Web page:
I’ve been studying Spanish. There are wonderful free programs online and apps available for phones that allow you to study a variety of languages. I learn by translating from English to Spanish, from Spanish to English, and occasionally, I’m called to speak the language into my phone. I thought the hardest part would be remembering words or following quickly spoken sentences. I was wrong.
The hardest part of learning a language is the embarrassment of speaking it aloud, when I’m sure that it will be wrong and that even if I get the words right, I will sound foolish. Since then, I’ve been conscious of the bravery of folks who learn to speak English. Every heavily accented and broken sentence is an act of courage.
The process has made me think about the way we learn our faith. Studying the Bible, delving deeper into worship, developing your spiritual practice, and thinking about the interaction of faith and life can all feel odd at first. But learning anything feels a little like failure and a little like faking it. Recognize it for what it is, the human experience. We’re all learning. We’re all trying. We’ll all need to try again.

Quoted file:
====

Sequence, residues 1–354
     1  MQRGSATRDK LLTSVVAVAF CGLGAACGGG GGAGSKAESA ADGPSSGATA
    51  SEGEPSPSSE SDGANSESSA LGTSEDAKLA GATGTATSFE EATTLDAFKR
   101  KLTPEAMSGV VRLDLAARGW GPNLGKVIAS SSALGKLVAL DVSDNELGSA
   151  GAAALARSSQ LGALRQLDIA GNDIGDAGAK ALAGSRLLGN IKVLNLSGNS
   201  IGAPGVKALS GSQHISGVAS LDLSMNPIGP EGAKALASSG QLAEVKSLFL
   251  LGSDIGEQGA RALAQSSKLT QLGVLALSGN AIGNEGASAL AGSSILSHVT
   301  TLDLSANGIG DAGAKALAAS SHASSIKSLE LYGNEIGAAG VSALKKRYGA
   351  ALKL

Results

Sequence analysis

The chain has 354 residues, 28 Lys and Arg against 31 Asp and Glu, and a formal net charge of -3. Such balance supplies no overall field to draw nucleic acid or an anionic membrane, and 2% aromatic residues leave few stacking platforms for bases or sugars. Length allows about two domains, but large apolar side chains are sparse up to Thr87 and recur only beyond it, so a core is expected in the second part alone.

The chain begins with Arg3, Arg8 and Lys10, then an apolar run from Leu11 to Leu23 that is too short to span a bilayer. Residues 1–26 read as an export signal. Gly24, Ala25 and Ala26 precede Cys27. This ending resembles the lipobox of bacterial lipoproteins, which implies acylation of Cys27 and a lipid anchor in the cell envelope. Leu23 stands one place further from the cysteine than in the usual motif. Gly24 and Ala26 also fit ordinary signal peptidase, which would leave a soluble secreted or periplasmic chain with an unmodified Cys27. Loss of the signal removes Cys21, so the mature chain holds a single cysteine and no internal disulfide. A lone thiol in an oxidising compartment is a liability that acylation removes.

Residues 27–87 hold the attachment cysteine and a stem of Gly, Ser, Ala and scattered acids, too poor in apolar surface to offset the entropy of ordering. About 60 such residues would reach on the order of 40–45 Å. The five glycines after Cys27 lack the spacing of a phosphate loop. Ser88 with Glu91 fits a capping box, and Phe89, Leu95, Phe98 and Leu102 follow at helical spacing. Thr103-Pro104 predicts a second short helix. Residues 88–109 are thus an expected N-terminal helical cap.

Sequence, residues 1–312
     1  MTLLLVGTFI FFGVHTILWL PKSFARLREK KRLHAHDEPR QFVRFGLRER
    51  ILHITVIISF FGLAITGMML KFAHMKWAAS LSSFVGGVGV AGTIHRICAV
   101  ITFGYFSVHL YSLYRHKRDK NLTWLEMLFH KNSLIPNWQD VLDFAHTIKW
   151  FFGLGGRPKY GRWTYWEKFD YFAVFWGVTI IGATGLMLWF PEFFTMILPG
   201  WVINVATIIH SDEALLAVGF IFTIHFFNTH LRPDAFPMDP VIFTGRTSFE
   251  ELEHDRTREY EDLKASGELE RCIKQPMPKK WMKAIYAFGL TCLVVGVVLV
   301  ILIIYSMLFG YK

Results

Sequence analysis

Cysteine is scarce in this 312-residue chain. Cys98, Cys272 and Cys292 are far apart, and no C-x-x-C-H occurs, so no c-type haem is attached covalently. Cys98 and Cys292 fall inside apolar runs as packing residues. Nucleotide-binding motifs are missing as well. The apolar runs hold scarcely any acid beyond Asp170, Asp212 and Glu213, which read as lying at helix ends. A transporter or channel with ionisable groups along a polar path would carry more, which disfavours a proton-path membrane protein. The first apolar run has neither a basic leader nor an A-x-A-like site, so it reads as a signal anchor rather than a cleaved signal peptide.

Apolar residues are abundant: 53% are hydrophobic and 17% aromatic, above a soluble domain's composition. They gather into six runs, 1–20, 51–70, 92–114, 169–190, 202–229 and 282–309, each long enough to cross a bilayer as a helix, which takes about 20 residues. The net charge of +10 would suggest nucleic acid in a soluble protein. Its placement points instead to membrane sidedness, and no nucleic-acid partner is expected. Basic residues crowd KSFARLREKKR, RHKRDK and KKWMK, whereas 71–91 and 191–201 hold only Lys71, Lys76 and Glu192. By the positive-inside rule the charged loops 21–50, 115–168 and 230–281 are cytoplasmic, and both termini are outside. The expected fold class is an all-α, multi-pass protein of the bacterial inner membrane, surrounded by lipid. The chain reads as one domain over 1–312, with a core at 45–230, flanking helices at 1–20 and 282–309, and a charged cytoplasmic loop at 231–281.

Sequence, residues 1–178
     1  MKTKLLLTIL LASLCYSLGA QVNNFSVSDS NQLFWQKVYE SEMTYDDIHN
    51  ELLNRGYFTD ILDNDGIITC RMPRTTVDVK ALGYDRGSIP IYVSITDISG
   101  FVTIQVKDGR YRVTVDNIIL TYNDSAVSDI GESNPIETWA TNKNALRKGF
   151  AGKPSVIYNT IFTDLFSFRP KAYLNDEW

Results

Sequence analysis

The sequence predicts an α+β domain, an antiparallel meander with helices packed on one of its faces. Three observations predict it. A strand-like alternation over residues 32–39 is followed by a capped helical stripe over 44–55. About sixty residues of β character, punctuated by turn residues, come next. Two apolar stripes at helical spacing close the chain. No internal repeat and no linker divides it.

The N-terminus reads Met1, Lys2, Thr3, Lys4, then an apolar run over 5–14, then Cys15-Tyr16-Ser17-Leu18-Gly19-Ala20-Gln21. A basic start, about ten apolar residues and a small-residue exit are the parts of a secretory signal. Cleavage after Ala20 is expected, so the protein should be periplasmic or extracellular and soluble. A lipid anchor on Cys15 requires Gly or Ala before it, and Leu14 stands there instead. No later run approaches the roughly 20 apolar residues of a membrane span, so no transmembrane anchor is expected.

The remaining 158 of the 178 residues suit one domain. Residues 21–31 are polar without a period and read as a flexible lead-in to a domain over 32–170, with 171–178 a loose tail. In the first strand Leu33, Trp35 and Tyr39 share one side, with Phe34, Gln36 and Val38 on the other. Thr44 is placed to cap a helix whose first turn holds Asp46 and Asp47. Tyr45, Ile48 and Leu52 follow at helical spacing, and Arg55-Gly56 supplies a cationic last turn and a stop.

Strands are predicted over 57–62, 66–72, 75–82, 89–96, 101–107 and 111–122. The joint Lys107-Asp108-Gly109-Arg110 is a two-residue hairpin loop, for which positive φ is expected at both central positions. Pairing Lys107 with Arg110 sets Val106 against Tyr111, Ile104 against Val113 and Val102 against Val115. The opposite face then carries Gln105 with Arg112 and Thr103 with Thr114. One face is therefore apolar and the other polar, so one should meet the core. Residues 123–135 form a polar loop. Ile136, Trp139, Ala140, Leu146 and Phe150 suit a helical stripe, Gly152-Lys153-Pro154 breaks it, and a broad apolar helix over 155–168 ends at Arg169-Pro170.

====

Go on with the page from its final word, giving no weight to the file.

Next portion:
As proof, I’ll leave you with this anecdote from author, Neil Gaiman:
“Some years ago, I was lucky enough to be invited to a gathering of great and good people: artists and scientists, writers and discoverers of things. And I felt that at any moment they would realise that I didn’t qualify to be there, among these people who had really done things.
On my second or third night there, I was standing at the back of the hall, while a musical entertainment happened, and I started talking to a very nice, polite, elderly gentleman about several things, including our shared first name. And then he pointed to the hall of people, and said words to the effect of, ‘I just look at all these people, and I think, what the heck am I doing here? They’ve made amazing things. I just went where I was sent.’
And I said, ‘Yes. But you were the first man on the moon. I think that counts for something.’
And I felt a bit better. Because if Neil Armstrong felt like an imposter, maybe everyone did. Maybe there weren’t any grown-ups, only people who had worked hard and also got lucky and were slightly out of their depth, all of us doing the best job we could, which is all we can really hope for.”
Rev. Jana Quisenberry is the minister at Brightwood Christian Church. She's an ordained pastor in the Christian Church (Disciples of Christ). A graduate of Transylvania University in Lexington, KY and Christian Theological Seminary in Indianapolis, IN, She now resides in Mt. Lebanon with her husband, two children, and dog, Sookie. Pastor Jana loves the church, science fiction, and coffee.
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